Today being Remembrance Sunday it was time to sing the Requiem Mass for the third time since September. Last Autumn we had a session on it with Sister Bernadette and Clare wrote down what she said here and here.
Since then I've sung it quite a few times with various combinations of people and on occasion bits of it on my own. The Institute for Christ the King have produced the best sheets to sing from here, which are as big and clear as clear can be and they even think to include the ferial tone for the preface dialogue, just in case anyone was going to forget. They couldn't really make it much easier, free downloads and all.
The present format is that the Choir sing the Introit, Kyrie, Sequence, Sanctus, Agnus Dei, Communion and the responses at the end and then myself plus potentially others sing the Gradual, Tract, Offertory and Libera me. Everyone has lots to do and no-one has to get stressed. We have our easy to read booklets and as anyone who is involved in organising music for others knows, being able to reach into a cupboard and bring out all the music in one swift move is a great thing. I have to do the same at work all the time as I am in effect the librarian to my orchestras and I will tomorrow be checking that I have everything in order for a concert this week.
Anyway, having got the organisational aspects sorted as far as possible, the great thing is all that work is paid off in spades because it's always going to be the same. No time spent practising plainchant is ever wasted. No-one can come up to you afterwards and say it was a pity you didn't sing their favourite hymn. No-one can say it's a pity more people weren't singing, because actually they were and if they weren't, well that's entirely their choice; this is not an infants' assembly these are adults. You know you have just sung the music that all the composers of the great polyphonic Requiem Masses knew. You know that the children in the congregation will know the Dies Irae before they hear it in Berlioz Symphonie Fantastique and won't have to do everything backwards like I had to. You know that the fact that you have to sing the Gradual, Tract and Sequence one after the other means that you can't wimp out or think it's too much etc. The thought cannot enter your head because it just has to be so.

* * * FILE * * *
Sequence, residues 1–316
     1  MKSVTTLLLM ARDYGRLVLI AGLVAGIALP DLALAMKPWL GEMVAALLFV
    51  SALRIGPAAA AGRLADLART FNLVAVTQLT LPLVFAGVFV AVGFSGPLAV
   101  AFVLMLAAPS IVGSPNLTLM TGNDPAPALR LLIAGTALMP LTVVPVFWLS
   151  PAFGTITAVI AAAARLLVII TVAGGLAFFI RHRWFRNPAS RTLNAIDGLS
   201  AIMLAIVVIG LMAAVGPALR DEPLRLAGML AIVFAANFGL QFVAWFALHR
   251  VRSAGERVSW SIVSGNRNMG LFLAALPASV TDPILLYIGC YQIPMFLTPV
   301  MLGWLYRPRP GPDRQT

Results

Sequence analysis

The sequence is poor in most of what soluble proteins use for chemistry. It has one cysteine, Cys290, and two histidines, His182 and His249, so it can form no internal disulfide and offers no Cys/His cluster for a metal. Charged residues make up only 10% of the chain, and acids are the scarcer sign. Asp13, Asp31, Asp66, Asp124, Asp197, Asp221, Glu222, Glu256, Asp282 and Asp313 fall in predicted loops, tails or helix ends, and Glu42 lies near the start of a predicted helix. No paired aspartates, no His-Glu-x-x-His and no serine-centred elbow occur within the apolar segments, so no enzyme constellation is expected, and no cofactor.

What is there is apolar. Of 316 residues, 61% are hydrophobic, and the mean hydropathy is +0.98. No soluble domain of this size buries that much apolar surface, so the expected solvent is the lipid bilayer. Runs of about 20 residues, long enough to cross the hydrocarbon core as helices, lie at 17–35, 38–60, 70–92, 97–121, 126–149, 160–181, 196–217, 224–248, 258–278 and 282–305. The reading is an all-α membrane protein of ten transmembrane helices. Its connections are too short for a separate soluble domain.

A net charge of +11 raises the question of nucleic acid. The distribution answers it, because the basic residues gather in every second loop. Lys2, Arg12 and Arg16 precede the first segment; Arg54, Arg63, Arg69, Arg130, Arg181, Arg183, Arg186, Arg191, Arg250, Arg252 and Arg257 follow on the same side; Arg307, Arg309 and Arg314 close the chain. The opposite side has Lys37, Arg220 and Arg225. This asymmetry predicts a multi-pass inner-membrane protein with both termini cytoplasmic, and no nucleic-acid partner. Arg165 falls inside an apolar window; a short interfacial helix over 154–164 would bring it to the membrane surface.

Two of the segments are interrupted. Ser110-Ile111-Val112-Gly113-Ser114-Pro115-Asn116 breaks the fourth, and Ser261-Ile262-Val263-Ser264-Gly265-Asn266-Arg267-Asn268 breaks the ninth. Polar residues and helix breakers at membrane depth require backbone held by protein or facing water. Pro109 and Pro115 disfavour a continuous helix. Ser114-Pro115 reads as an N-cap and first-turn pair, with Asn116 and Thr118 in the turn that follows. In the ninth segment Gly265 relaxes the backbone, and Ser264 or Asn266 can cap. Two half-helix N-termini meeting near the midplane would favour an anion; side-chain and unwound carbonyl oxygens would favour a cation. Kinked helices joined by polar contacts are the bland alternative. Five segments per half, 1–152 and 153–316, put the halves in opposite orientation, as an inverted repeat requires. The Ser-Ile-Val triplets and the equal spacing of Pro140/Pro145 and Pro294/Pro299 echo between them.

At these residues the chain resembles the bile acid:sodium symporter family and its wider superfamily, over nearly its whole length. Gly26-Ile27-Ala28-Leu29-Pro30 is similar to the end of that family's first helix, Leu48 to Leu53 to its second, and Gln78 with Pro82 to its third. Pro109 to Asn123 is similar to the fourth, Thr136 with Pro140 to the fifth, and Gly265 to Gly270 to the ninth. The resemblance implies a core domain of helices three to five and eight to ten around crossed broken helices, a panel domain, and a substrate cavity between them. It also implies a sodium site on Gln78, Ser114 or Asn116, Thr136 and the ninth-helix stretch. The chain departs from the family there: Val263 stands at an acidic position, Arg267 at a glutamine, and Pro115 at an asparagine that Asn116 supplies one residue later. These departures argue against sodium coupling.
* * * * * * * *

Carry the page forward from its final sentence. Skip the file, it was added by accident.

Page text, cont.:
Having been more or less tortured for most of the time I have been involved in doing music in church, either by other people's freely given comments or by the fact that it was never even slightly clear exactly what you were really supposed to be aiming for - everyone singing very loudly seemed to be many people's unattainable goal - or by the fact that the music was rubbish, having all the music in the Liber Usualis and precise rules as to when and what to sing is bliss. And what music..
- Posted using BlogPress from my iPad